"We were slaves in Egypt.”

Each year during Passover, we recite this phrase and we recall the Exodus of the Jewish people as they were led out of mitzrayim and into the homeland of Israel.

As a multiracial Jewish woman, this well known phrase hits a little differently for me. In my head I think, “first we were slaves in Egypt, then we were slaves in America.” I recall the excuses I’ve heard over the years.

Slavery happened such a long time ago.

The Holocaust is over.

Get over it.

But frankly, I’m not over it. I’m not over the American land that was stolen from my indigenous ancestors in exchange for bottles of alcohol. I’m not over the Black Americans who were separated from their families and forced to adopt the names of their slave owners. I’m not over Hitler’s emulation of American Jim Crow laws in 1930s Germany. I’m not over slavery. I’m not over genocide.

I’m not over history, and I’m certainly not over the damages of the watered-down version of it. I’m not over injustices — not any of them.

In this plagued pandemic world where we watch our loved ones behind glass, where hate crimes surge, where people are still murdered simply because of who they are … you ask me now, what makes me feel liberated?

I question — how can I feel liberated, when I watch my people hurt each day? How can I feel liberated when minorities can’t jog, can’t play, can’t work, can’t worship, can’t shop, can’t sleep? How many times will I burst into tears as I hear these stories, and as I tell them?

Noise. Heartbreak. Sadness. Tears.

And just then, a hand brushes my shoulder. I clear my eyes. I’m met with a gentle, genuine hug and softness that leans into my neck.

It’s her. It’s that universal little girl with tan skin and blonde curls that will dance freely to a Billie Eilish mashup, perform soulfully to Andra Day, sing the Mah Nishtana at the top of her lungs — and never stop fighting for what she believes in.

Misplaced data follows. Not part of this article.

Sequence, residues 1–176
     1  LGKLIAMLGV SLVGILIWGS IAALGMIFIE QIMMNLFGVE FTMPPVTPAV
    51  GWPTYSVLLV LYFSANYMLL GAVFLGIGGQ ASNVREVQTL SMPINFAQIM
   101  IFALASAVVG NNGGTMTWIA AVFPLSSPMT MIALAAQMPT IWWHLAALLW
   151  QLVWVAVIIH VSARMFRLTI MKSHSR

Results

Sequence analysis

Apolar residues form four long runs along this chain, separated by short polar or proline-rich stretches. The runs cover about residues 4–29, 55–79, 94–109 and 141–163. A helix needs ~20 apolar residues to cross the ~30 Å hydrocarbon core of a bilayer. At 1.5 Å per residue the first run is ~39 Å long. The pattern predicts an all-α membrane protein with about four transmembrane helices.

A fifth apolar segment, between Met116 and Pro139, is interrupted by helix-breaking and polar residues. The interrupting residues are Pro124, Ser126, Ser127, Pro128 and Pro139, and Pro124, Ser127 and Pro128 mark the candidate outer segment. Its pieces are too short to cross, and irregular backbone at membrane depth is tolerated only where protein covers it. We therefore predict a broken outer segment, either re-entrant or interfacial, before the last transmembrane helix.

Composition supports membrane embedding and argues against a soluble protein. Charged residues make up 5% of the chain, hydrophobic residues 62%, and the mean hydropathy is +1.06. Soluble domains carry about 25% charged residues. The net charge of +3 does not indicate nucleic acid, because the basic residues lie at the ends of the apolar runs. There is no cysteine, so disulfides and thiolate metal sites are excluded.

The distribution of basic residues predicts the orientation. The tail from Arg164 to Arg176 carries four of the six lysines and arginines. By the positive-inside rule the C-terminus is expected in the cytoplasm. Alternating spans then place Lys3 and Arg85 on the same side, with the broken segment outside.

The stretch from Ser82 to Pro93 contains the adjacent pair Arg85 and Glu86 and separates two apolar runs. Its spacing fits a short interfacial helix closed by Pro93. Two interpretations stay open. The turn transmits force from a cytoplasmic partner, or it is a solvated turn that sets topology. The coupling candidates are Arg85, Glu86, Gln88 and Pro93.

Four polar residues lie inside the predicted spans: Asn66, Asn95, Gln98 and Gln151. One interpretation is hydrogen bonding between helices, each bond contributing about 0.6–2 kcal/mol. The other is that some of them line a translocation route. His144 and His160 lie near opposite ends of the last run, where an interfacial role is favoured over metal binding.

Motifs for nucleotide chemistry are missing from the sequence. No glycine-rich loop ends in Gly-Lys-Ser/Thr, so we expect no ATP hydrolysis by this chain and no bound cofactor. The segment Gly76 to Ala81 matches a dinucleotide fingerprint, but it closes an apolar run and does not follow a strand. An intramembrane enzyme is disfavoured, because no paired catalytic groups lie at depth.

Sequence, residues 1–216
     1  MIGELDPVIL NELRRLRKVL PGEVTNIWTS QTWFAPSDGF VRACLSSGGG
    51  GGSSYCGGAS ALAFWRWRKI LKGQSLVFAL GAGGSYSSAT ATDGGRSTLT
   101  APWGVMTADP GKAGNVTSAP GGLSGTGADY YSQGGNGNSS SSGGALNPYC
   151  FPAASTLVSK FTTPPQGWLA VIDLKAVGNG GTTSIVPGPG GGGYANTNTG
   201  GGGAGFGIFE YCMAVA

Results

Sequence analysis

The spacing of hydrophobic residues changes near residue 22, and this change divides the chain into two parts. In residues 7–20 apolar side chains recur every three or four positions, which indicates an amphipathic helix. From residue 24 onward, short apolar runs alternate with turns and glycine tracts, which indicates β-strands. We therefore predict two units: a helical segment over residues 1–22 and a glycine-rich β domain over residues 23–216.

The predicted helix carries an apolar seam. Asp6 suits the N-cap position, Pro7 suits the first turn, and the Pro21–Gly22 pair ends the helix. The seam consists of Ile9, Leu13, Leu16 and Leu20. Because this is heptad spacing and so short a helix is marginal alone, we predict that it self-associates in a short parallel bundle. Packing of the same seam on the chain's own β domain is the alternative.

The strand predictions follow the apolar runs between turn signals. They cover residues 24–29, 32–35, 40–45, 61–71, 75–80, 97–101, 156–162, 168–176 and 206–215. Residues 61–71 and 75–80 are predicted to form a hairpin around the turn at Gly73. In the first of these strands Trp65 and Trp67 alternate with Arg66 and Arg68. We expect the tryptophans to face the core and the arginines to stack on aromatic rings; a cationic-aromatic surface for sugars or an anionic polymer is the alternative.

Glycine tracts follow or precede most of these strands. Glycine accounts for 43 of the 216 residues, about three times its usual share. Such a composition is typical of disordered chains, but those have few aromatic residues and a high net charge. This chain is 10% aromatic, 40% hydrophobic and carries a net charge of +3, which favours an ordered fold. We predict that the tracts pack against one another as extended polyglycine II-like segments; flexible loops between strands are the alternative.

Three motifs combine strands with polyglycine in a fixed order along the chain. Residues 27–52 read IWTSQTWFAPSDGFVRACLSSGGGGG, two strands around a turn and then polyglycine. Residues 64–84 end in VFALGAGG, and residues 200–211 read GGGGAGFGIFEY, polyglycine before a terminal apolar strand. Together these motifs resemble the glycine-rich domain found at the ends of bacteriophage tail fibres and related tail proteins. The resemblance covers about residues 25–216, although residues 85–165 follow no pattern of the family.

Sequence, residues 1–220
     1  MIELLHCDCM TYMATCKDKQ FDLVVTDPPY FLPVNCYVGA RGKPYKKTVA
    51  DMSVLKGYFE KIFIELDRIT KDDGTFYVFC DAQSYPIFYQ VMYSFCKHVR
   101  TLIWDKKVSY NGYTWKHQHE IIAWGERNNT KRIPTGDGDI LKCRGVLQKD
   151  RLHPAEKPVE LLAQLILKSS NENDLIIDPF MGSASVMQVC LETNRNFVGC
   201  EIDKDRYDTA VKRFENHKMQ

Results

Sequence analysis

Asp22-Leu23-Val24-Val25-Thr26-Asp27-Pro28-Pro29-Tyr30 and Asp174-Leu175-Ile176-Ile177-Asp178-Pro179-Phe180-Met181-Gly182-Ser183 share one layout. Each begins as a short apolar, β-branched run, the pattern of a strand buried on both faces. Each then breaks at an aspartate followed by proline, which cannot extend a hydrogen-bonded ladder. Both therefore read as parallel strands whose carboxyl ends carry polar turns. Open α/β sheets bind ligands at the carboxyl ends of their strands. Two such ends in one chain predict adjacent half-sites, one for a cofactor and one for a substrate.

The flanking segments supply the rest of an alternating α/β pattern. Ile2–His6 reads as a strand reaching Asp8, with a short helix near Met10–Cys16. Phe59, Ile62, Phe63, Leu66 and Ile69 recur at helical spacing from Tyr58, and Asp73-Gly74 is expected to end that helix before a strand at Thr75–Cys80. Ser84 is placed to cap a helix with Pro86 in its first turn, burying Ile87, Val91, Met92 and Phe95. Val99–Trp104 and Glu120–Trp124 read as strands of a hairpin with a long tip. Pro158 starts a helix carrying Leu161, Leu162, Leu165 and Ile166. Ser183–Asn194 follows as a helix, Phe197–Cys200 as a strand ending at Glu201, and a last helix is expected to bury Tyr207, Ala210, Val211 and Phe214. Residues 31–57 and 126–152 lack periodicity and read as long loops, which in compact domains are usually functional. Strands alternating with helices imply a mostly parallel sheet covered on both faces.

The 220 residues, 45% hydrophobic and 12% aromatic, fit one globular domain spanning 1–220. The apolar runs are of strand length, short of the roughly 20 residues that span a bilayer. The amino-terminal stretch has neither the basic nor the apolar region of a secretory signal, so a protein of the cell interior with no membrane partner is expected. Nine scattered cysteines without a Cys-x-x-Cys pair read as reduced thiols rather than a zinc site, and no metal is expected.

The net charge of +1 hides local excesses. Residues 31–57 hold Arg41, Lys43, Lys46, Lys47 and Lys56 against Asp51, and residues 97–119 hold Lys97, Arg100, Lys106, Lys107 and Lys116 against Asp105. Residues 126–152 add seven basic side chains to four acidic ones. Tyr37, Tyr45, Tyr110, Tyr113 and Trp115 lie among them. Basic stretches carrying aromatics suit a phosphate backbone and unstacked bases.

It is in her that I see generations of many people and many ethnicities, who have consistently looked injustice and wrongdoing in the eye and chose love, every time. It is our literal genetic history, and our rich ability to embrace differences and to love unconditionally that liberates me. It’s the way we express our deepest thoughts and tragedies and it’s the intention we put into overcoming each obstacle that liberates me.

May we overcome together. Let us free our minds from mental slavery and denial and find that source of truth that brings us closer to liberation. Let us honor the generation of Moshe Rabbeinu, but not forget the importance of the generation of Joshua. The modern day Moshe’s — the MLKs, Rosa Parks, RBGs — they have paved the way for us on our path to freedom just as Moshe Rabbeinu paved the way for the Jewish people out of bondage.

It is up to us to be the modern day Joshua generation — the generation that hears the voices of the greats, echoes them and acts. Together, let us act for a common vision of real and true liberation for all.

Educate. Elevate. Liberate.

The time is now.

And Happy 6th Birthday, Mimi!

Ashira Solomon is the Community Associate at the Jewish Community Relations Council/American Jewish Committee Detroit, working to build and enhance initiatives in unity, diversity, equity and inclusion.